Why Qualcomm, Inc. Is Still a Long-Term Buy

Here's why the recent sell-off in Qualcomm may be overdone.

Ashraf Eassa
Ashraf Eassa
Jul 24, 2014 at 10:54PM
Technology and Telecom

Following the release of its earnings results following yesterday's close, shares of wireless giant, Qualcomm (NASDAQ:QCOM) closed down 6.65% during Thursday's trading. Though the company's chip unit absolutely crushed it, as shipments came in well above the high-end of its guidance, its wireless patent licensing unit -- the company's biggest profit driver -- came in a bit soft.

That said, I'd like to make the case that Qualcomm, despite these near-term challenges, is still a good long-term bet. 

Qualcomm's a mobile one-stop shop
It's no secret that, at this point, Qualcomm is the world's most successful mobile-chip provider. However, there's been fierce competition in this space during the last several years. ARM (NASDAQ:ARMH) has made much of the key IP -- like graphics and processors -- that goes into these chips available for pennies per unit in royalty fees.

Though the market for mobile-applications processors has traditionally been difficult and somewhat commoditized, Qualcomm has managed to shine through. First off, the company has shown an ability to address a wide range of product tiers in a way that no other chip vendor has been able to -- even with ARM making it as easy as possible to build competitive products.

On top of that, Qualcomm has focused on integrating as much as possible onto a single chip and, when integration isn't appropriate, providing functionality as part of a complete platform. Qualcomm has worked hard to become the "one-stop shop" for mobile silicon.

Cashing in its chips
This strategy has paid off in spades, and this quarter was a real proof point: The company's chip sales were up 17% year over year to $4.957 billion, and operating profit was up a staggering 51%, to $1.116 billion. With mobile devices continuing to grow nicely, particularly in the low-end and mid-range, it really looks like Qualcomm has the right technology and cost structure to continue to grab the bull by the horns.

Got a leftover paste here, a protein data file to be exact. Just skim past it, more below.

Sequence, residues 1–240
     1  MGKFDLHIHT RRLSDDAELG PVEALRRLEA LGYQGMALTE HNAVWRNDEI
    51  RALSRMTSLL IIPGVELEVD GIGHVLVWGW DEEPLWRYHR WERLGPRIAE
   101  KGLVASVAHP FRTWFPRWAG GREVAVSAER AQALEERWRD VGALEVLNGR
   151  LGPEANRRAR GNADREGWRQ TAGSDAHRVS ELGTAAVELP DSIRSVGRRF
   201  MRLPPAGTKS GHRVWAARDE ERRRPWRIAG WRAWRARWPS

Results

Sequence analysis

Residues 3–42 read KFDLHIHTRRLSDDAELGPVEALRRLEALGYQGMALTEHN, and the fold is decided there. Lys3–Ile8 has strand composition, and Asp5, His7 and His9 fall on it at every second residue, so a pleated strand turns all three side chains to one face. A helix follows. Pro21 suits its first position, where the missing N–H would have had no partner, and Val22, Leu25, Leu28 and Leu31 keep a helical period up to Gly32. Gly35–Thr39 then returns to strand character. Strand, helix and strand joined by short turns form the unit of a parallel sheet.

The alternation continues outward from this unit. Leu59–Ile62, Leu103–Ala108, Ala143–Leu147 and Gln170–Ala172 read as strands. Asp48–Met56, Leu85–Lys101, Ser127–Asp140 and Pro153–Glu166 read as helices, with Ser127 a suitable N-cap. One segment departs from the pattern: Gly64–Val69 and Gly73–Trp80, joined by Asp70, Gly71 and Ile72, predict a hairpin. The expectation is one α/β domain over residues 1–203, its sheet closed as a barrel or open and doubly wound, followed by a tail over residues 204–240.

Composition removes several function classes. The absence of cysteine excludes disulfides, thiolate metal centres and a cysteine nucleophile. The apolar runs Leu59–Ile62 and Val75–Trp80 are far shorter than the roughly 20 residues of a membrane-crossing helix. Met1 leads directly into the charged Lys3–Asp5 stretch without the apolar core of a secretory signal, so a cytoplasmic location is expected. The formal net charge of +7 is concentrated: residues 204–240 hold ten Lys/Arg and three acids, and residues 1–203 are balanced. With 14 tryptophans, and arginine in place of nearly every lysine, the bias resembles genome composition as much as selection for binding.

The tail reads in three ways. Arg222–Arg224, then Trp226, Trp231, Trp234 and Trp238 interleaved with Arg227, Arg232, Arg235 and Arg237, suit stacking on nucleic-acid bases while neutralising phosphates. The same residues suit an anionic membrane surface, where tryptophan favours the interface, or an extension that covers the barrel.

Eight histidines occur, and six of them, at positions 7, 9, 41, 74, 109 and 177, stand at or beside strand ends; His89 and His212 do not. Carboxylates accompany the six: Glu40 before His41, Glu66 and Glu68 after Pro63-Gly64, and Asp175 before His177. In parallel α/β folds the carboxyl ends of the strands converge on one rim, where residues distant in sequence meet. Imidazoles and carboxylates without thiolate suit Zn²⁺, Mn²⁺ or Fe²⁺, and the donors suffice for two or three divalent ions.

The QTL problem
Though Qualcomm's chip business is doing extremely well financially and competitively, it's not the biggest profit driver of its business -- its technology licensing business (known as QTL) is. As a quick reminder, Qualcomm has a bunch of fundamental patents on 3G and 4G wireless technologies that allows it to collect a roughly 3.1% royalty on the selling prices of 3G/4G LTE-capable devices.

Now, with phone-chip shipments on the rise, and with a broad transition worldwide from 2G feature phones to royalty-bearing 3G/4G LTE smartphones, it's a little weird that the company reported QTL sales down 5% year over year, and 15% sequentially. Apparently, Qualcomm thinks so, too.

In fact, Qualcomm made it clear that it believes that certain local Chinese handset vendors are underreporting device shipments by about 215 million units in aggregate for the year. These devices likely carry lower selling prices -- likely in the $100 range -- than the reported averages -- which are usually in the low $200 range -- but even if one assumes an average selling price of $100 for these devices and a 3.1% royalty rate, Qualcomm will be missing out on a full $667 million in royalty revenue for the year.

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There's good news, though
The bad news, obviously, is that Qualcomm is missing out on all of this potential operating income. The good news, however, is that this isn't the first time that the company has dealt with these types of issues, and it's very likely that it will (eventually) get resolved. This may impact revenues/profits in the near term; but not only will these units probably come back, but Qualcomm may even be able to collect on these missing royalties at a future date.

Foolish bottom line
Qualcomm's business model is still fine and, over the long run, it's still very nicely exposed to the general growth in wireless through both chips and technology licensing. With approximately $33 billion in cash on the balance sheet, a very robust core business, and a proven track record of technological leadership and execution, this drop in the company's share price may prove to be a compelling entry point for investors who may have been waiting for a "dip" to buy.